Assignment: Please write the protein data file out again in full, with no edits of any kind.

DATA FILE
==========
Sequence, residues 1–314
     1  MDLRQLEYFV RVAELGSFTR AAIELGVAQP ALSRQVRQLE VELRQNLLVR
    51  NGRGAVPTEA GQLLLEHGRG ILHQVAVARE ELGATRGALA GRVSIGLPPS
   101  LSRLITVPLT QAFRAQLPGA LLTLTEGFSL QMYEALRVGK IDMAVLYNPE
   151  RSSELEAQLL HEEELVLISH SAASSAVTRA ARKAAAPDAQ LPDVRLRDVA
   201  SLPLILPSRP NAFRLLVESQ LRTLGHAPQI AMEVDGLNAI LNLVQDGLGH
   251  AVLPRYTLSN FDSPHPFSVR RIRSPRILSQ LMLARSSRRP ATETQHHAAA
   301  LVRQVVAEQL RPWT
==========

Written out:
Sequence, residues 1–314
     1  MDLRQLEYFV RVAELGSFTR AAIELGVAQP ALSRQVRQLE VELRQNLLVR
    51  NGRGAVPTEA GQLLLEHGRG ILHQVAVARE ELGATRGALA GRVSIGLPPS
   101  LSRLITVPLT QAFRAQLPGA LLTLTEGFSL QMYEALRVGK IDMAVLYNPE
   151  RSSELEAQLL HEEELVLISH SAASSAVTRA ARKAAAPDAQ LPDVRLRDVA
   201  SLPLILPSRP NAFRLLVESQ LRTLGHAPQI AMEVDGLNAI LNLVQDGLGH
   251  AVLPRYTLSN FDSPHPFSVR RIRSPRILSQ LMLARSSRRP ATETQHHAAA
   301  LVRQVVAEQL RPWT